A final word about the famous remark made by the IAF’s Chief of the Air Staff, Air Chief Marshal Pradeep Vasant Naik on February 10, on how the M-MRCA competitors could interpret the MoD’s selection of the winning bid. He had remarked that “if other competitors [who lose out in the race] put spokes in, then the timelines would get pushed back”. Going by historical precedent, he was, in all likelihood referring the incident on April 19, 2002, when Dassault Aviation filed a court injunction in Seoul (against Seoul’s decision to order the F-15K instead of the Rafale), disputing the selection process, which it claimed to be biased in favour of US interests.—Prasun K. Sengupta

Tuesday, April 12, 2011

Contradicting Verdicts & The DPP Mess

At the Offshore Patrol Vessels Asia-Pacific 2011 expo in Singapore, which was held between April 5 and 7, it emerged that a spate of incidents and legal litigations over the past one year has served to make a total mockery of the Indian Ministry of Defence’s (MoD) defence procurement procedures and defence production procedures, with grave implications for not only the force modernisation plans for the Indian armed forces, but also for the emerging military-industrial entities in the private sector. A few major examples given below will suffice to illustrate the prevailing sordid state of affairs.  

Example 1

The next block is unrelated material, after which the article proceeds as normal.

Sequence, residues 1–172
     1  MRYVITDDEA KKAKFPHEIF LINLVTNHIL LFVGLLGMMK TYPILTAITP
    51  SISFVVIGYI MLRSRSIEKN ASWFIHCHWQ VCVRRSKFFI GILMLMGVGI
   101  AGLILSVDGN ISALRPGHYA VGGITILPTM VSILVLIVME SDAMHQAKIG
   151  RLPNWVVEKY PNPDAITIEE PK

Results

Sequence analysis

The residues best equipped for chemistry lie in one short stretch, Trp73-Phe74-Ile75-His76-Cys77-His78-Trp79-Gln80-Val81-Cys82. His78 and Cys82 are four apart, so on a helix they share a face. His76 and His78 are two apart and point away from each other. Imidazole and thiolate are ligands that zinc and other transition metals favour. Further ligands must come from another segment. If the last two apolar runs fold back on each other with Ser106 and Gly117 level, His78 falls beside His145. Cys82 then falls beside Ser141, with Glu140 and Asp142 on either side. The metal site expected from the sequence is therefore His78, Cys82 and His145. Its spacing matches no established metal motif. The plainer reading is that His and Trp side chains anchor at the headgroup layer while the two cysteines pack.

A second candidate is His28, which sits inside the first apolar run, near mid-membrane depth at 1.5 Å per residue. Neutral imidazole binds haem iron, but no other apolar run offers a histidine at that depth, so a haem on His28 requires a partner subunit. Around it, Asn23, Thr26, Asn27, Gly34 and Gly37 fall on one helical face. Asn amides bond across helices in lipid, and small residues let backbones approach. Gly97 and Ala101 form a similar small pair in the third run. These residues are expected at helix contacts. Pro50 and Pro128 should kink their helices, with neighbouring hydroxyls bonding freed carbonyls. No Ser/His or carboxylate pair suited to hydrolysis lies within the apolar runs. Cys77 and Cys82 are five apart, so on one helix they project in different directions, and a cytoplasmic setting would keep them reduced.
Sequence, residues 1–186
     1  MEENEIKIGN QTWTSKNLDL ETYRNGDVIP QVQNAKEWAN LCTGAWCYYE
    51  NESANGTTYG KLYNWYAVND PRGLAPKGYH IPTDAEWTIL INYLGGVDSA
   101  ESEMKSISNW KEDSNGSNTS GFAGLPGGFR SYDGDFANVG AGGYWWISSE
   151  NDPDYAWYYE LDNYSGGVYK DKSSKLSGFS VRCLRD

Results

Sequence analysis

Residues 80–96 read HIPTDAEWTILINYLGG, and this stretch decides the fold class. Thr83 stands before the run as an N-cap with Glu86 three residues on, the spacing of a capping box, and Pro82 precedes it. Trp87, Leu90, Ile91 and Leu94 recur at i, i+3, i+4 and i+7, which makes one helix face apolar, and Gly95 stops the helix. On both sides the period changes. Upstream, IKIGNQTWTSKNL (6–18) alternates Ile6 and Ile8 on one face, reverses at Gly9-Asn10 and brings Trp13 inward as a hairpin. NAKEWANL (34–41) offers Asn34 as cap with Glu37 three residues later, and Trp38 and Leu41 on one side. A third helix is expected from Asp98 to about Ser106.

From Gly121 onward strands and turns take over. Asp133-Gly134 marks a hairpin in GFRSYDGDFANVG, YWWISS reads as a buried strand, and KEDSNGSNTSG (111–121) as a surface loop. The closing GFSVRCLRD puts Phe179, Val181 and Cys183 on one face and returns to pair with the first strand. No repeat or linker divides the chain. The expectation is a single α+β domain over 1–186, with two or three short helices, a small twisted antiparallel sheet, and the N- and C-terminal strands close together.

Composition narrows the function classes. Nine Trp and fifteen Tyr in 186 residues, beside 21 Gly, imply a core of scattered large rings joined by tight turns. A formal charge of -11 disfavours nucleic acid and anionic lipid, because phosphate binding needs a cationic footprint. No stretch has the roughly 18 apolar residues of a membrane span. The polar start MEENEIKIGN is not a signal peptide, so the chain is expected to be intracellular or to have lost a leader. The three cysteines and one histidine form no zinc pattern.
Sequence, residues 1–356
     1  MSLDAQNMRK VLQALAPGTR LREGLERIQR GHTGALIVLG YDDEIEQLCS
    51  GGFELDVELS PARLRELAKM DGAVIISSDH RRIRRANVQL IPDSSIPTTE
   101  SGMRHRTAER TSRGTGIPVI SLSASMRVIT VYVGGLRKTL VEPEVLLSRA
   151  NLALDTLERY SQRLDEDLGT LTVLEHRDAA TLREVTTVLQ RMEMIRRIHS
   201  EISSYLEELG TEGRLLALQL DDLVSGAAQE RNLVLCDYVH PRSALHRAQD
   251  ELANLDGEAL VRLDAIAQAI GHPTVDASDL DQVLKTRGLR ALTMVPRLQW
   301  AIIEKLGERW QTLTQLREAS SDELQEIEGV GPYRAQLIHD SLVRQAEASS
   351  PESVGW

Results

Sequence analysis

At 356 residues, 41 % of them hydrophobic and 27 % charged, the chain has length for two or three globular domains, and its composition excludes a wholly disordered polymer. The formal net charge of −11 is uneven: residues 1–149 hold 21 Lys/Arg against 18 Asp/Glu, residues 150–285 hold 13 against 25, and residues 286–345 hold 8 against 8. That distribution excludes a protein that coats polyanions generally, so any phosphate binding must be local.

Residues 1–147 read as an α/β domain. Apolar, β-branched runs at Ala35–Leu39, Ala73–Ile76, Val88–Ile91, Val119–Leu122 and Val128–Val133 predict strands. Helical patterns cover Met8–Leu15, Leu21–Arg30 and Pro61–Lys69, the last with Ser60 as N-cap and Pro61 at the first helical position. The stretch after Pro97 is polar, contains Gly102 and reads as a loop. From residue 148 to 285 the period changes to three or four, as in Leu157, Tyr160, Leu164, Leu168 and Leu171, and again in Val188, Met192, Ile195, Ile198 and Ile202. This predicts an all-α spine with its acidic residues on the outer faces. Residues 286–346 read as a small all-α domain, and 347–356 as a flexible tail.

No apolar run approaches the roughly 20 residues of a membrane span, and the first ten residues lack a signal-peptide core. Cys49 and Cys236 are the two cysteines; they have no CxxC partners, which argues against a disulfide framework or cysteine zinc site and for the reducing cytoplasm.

In the aftermath of the 26/11 terror attacks in Mumbai, the MoD had released a global tender for the procurement of 36 high-speed interceptor boats worth Rs9.7 billion, with the boats having aluminium-alloy hull construction and equipped with waterjet propulsion. Subsequent to the competitive bidding process, Larsen & Toubro (L & T) emerged as the lowest bidder (L-1) and was therefore selected on March 22, 2010 to build these 36 vessels. L & T had offered to build the vessels at a unit cost of Rs666.8 million, while the state-owned Cochin Shipyard Ltd (CSL) had offered a quote of Rs698.9 million, followed by Garden Reach Shipbuilders & Engineers with Rs761 million, Goa Shipyard Ltd with Rs941.7 million, and Hindustan Shipyard Ltd with Rs1,094.1 million. Designed by L & T’s Marine & Ship Design Division, the interceptor boats were to have performed surveillance, search-and-rescue, anti-smuggling and anti-poaching operations along India’s coastline. The boats were planned to be constructed at both L & T’s existing shipyard at Hazira and at its new shipyard coming up at Katupalli near Ennore. Each of the vessels were to be powered by Caterpillar Marine Power Systems’ marine propulsion engines and MJP waterjets, with deliveries beginning within 18 months of contract award. However, before the contract was to be signed, CSL, which had lost the bid (and was ranked L-2 in the bidding process), challenged L & T’s selection as the preferred bidder, claiming that L & T's price quote had utilised the ERV exchange rate variation mechanism (which as per DPP guidelines, is allowed for the MoD-owned defence public sector undertakings, but not for the private sector). This meant that while the L-1 bidder had offered a fixed-price quote for the work and materials/components to be sourced within India,  the quote for imported components was variable and therefore if the US$ appreciated, then the hike in prices of the imported components would have to be borne by the MoD, and not be absorbed by the L-1 bidder. CSL's bid, on the other hand, did not incorporate the ERV exchange rate variation mechanism and was therefore a fixed-cost offer. CSL also claimed that since the tender document had specified that the contract be awarded to an experienced shipbuilder with a proven track-record, the MoD’s selection process was flawed and as a consequence, L & T should not be declared as the preferred bidder. The MoD consequently referred this issue to the Central Vigilance Commission (CVC), which concurred with CSL's point-of-view and ruled that L & T's bid was improper. Eventually, after CSL prevailed over the MoD and was awarded the contract, L & T went to the High Court and the Supreme Court to challenge the MoD’s decision, and lost the case. As a result of this verdict, it would now appear that the methodology applied by the MoD to accord the status of L-1 to any bidder is suspect and can be manipulated with ease in a competitive bidding environment.